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Evidence of the Dead

There are several stories from Scotland's history in which the evidence of the dead was said to have been accepted in criminal cases.

One such example is said to have occurred in June 1662, when a malt man named George Grieve was killed in Kirkcaldy. His body was found in a river and what initially appeared to be a case of accidental drowning soon turned into something more serious when an injury to his head was noted. It was discovered that he had, in fact, been shot at close range, yet with no obvious signs of any struggle or robbery, who would want to shoot him and then try to conceal their act was a mystery.

The family of the victim was questioned by the town authorities to try to establish whether they were aware of anyone who may have ill will towards George, or whether they knew anything themselves about the shooting. Both his wife and son claimed to know nothing of what had happened or who might have committed the crime. As part of the process, both were asked to touch the body, which they did with nothing unusual happening.

This was based on the belief that if a murderer touched the body of their victim, it would bleed. However, one of the authorities pointed out that this would only occur if at least 24 hours had passed since the death. As they were unsure when the murder had taken place, they did not know if 24 hours had passed.

The decision was made to detain his wife and son to allow them to repeat the process several hours later. When they again touched the body, nothing happened when his wife did so, however, when the son placed his hand on his father's corpse, the dead man began to bleed from the nose. As soon as he removed his hand, the bleeding stopped.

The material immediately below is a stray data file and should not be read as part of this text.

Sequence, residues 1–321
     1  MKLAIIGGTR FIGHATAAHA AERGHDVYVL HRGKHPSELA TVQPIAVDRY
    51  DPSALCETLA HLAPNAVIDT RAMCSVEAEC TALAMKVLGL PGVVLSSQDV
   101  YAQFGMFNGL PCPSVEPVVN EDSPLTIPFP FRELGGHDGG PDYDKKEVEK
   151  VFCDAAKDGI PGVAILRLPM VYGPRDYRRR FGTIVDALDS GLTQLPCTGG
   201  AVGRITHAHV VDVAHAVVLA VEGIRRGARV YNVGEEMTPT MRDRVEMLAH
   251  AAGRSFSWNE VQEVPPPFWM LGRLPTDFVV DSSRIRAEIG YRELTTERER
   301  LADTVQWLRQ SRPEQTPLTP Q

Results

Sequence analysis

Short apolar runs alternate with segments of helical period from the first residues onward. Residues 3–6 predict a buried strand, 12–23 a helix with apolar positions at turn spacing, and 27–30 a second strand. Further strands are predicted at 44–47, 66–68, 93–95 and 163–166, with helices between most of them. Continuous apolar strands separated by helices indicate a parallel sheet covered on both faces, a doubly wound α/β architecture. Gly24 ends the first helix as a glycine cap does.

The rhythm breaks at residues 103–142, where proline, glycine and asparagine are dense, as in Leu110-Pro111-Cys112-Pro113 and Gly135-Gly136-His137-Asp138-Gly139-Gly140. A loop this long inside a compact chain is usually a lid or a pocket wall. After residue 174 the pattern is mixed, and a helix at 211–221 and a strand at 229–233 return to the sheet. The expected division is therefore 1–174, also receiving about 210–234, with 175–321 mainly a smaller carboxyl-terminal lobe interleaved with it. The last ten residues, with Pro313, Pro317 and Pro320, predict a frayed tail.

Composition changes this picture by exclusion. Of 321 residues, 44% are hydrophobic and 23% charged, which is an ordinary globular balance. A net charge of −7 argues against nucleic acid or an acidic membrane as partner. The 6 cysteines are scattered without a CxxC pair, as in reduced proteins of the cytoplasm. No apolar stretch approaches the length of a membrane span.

Silence filled the room, only broken by the sobbing of his mother who knew this meant that she had not only lost her husband, but she had now lost her son.

When questioned again, he confessed that his relationship with his father had become strained and they were arguing on a regular basis. He had lost his temper and approached his father while he was working in the mill, and shot him. The sound of the mill concealed the gunshot and, in a panic, he loaded his father's body on the back of his horse and galloped to the nearby river where he dumped it, hoping that it would be swept out to sea.

Unfortunately for him, it had instead become caught at the side of the river, not far from the bridge where it had been thrown in. His only act if redemption was his assertion that his mother had no knowledge of the quarrels between his father and himself, or of his actions.

With the full confession, the son was sentenced to death and hanged in Kirkcaldy. What happened to the poor woman who had her life ripped apart is sadly unknown.

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